Epidemiology and Infection

Bartonella infection in sylvatic small mammals of central Sweden

M. HOLMBERG a1c1, J. N. MILLS a2, S. MCGILL a1, G. BENJAMIN a1 and B. A. ELLIS a2
a1 Department of Medical Sciences, Section for Infectious Diseases, Uppsala University Hospital, S-751 85 Uppsala Sweden
a2 Centers for Disease Control and Prevention, Division of Viral and Rickettsial Diseases, 1600 Clifton Rd NE, Mailstop G14, Atlanta, GA 30333


Sylvatic small mammals were captured in rural habitats near Uppsala, Sweden, to measure the prevalence of bartonella infections, characterize bacterial isolates and identify their host range, and increase our understanding of host–pathogen ecology. During 7 nights of trapping at 3 localities, 236 small mammals were captured (trap success 30%). Bartonella were isolated from bloods of Apodemus flavicollis (19 of 110 tested), Apodemus sylvaticus (6/25), Clethrionomys glareolus (9/60), Microtus agrestis (1/3), Mus musculus (1/18), and Sorex araneus (3/20). Nucleotide sequencing (a 338 bp fragment of the gltA gene) of 40 isolates yielded 6 unique genotypes. Five of the 6 genotypes were most similar to other known bartonella isolated from Old World small-mammal hosts. The most frequent genotype (83%) was isolated from A. flavicollis and M. musculus and was identical to Bartonella grahamii, a recently demonstrated human pathogen. These two hosts were most frequently captured in and around human structures and work places, thus providing conditions that could potentially lead to frequent human infections.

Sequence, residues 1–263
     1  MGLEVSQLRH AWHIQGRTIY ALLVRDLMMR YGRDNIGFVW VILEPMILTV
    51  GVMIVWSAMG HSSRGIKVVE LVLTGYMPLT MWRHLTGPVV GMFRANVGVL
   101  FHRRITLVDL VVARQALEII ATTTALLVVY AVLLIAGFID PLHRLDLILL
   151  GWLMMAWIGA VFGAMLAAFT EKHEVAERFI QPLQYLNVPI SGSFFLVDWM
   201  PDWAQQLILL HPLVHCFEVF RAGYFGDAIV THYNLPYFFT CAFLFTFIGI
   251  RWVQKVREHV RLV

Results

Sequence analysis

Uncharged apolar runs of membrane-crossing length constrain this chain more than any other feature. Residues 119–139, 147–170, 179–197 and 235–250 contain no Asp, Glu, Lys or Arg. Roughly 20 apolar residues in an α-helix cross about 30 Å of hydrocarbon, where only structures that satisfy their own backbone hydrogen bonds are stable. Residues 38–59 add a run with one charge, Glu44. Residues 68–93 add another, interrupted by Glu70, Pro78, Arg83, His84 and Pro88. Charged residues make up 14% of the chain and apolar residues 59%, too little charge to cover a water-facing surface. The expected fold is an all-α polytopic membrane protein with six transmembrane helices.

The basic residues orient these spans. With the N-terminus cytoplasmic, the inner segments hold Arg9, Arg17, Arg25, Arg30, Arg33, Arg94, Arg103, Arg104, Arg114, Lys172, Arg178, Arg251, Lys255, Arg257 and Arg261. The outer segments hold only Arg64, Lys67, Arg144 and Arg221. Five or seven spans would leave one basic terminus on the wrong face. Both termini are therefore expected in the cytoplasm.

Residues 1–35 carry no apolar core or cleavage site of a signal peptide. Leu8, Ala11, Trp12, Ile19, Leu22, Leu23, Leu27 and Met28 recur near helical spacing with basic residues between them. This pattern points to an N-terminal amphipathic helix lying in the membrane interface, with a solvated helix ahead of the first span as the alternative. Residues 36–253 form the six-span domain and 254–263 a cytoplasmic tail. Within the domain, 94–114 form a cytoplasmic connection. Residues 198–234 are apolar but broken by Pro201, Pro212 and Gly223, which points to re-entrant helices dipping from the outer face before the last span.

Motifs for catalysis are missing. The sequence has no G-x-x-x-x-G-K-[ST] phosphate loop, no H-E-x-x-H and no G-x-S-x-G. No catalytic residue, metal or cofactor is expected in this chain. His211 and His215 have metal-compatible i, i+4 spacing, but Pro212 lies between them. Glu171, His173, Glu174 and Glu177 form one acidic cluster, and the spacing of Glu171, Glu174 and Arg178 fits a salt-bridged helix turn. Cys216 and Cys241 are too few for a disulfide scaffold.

(Accepted November 22 2001)

c1 Author for correspondence.